Another big tech company join the move away from C++ initiative, How we can stop this migration process?


2011 marked the renaissance of C++, driven by the release of C++11 which introduced numerous features to modernize the language, such as lambda expressions, smart pointers, and a more efficient standard library. However, a decade later, major tech giants like Google, Microsoft, Amazon, Apple, and Meta are initiating processes to migrate away from C++. This shift highlights growing concerns about memory safety and the evolving landscape of systems programming.

Just recently there’s another big company joining the Moving away from C++ initiative. it concern Apple that recommend to replace C++ with Swift.

One could argue that the issue lies not with C++ itself, but with the developers using it. However, the reality is that big companies are shifting away from C++.

Big Tech and the Move Away from C++


Amazon is actively pursuing Rust as a replacement for C++ in many of its critical systems. The emphasis is on leveraging Rust’s memory safety and concurrency features to improve the reliability and security of their infrastructure.

Amazon just recently awarded Professors Niranjan Balasubramanian and Michalis Polychronakis for their effort to automate the conversion of C++ code in Rust.


Microsoft has begun the process of transitioning from C++ to Rust, particularly for systems where safety and performance are paramount. Projects like the Azure cloud platform and various internal tools are exploring Rust’s capabilities to prevent memory-related vulnerabilities.

Microsoft is actively increasing the adoption of the Rust programming language.


Google is also in the early stages of replacing C++ with Rust for certain applications. The decision stems from the need to enhance memory safety and reduce the risk of security flaws that can arise from manual memory management.

Google invest a lot to move from C++ to Rust.


Apple’s strategy involves moving away from C++ in favor of Swift. Swift provides a modern, safe, and performant environment, making it suitable for many of Apple’s applications and services that previously relied on C++.

Recently Apple recommend to replace C++ with Swift.


Meta (formerly Facebook) is exploring Rust as an alternative to C++ for its backend systems. The focus is on improving the security and robustness of their infrastructure by adopting Rust’s safe concurrency and memory management features.

Meta begin the process to move away from C++ to Rust.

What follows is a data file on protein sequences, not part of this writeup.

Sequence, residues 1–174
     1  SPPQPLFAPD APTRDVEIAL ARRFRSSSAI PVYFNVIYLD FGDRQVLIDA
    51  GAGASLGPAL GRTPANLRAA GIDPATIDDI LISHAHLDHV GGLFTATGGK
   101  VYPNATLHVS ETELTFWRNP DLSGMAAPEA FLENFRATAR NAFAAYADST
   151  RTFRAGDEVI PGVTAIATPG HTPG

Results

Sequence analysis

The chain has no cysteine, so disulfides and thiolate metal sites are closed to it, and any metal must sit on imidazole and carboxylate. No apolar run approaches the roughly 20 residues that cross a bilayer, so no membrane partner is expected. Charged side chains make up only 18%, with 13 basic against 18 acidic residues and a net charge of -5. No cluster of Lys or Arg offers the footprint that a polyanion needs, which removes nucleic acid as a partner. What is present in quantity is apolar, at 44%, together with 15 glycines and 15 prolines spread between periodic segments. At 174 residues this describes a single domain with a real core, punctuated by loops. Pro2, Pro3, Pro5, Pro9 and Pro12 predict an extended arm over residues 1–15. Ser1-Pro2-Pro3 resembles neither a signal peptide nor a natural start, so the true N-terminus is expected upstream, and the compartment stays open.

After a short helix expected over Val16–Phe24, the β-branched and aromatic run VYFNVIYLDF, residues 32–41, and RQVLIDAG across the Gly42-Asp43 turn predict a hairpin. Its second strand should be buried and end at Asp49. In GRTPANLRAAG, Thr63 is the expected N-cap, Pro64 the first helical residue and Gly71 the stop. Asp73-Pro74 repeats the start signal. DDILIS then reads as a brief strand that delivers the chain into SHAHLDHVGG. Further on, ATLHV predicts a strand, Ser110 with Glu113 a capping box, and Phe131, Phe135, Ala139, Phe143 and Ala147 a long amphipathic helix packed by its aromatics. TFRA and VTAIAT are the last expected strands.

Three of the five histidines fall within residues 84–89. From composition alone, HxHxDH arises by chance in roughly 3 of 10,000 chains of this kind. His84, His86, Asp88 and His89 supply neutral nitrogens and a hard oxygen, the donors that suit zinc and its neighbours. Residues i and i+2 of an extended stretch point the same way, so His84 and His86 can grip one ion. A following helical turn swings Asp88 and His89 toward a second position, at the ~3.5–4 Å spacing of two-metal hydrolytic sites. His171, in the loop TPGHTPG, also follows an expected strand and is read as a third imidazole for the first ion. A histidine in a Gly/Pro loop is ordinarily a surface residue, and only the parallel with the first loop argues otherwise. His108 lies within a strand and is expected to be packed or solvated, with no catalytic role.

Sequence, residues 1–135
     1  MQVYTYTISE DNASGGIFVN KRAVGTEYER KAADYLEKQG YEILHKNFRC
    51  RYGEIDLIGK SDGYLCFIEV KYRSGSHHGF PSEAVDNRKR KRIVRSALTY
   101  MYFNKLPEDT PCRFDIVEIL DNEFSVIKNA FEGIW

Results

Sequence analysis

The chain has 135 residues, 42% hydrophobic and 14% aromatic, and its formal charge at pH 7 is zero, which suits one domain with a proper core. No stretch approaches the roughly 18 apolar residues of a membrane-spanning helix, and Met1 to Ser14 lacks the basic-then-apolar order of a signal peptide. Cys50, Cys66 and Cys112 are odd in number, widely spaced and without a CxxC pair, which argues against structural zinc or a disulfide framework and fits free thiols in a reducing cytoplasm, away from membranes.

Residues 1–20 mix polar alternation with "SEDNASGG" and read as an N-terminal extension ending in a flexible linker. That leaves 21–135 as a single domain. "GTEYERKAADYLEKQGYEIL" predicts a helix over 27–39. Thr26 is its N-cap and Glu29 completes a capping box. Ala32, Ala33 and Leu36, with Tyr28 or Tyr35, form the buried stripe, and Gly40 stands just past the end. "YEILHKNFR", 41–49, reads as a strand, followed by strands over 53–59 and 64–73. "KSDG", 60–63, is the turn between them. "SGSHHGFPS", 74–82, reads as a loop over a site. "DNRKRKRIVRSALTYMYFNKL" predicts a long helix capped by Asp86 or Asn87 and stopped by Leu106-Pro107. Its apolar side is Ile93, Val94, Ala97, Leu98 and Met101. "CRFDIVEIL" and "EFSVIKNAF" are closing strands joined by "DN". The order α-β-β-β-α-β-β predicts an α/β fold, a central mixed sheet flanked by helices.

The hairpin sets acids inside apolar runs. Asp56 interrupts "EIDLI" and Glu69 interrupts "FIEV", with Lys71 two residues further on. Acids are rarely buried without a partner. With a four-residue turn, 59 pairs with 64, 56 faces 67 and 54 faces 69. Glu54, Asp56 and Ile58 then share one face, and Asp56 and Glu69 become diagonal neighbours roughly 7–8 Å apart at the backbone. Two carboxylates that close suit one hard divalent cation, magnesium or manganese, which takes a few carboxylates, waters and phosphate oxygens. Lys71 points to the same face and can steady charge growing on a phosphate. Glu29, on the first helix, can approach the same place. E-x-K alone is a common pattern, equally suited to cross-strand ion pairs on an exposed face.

The Memory Safety Debate

Historical Context

For years, the C++ community and committee did not prioritize memory safety, despite the language’s widespread use in performance-critical applications. This oversight has led to numerous high-profile vulnerabilities and security breaches.

Industry Response

The tech industry’s move away from C++ is a response to these memory safety concerns. Companies are recognizing that even expert C++ developers can inadvertently introduce critical memory issues into their code. This has spurred the adoption of languages like Rust that provide compile-time guarantees of memory safety.

Challenges and Resistance

Despite the clear benefits of safer languages, there is resistance within the C++ community. Some argue that proper coding practices and rigorous testing can mitigate memory issues, and they view the migration to other languages as unnecessary. However, the industry trend suggests that the need for built-in safety mechanisms is increasingly being recognized as a priority.

No Definitive Solution Yet

The transition away from C++ is complex and gradual. While the countdown has started, the full migration could take years or even decades, given the extensive C++ codebases and the critical nature of many systems written in C++. The process involves not only rewriting code but also ensuring compatibility, performance, and reliability in the new language environment.

Meanwhile, the C++ committee must find a definitive solution to this significant safety issue before the migration process reaches full momentum.


The move by tech giants to replace C++ with safer alternatives like Rust and Swift underscores a significant shift in the priorities of the software industry. Memory safety has become a critical concern, and languages that offer built-in safety features are gaining traction. While the migration is underway, it remains to be seen how long it will take to fully transition away from C++, and what the long-term impacts on software development will be.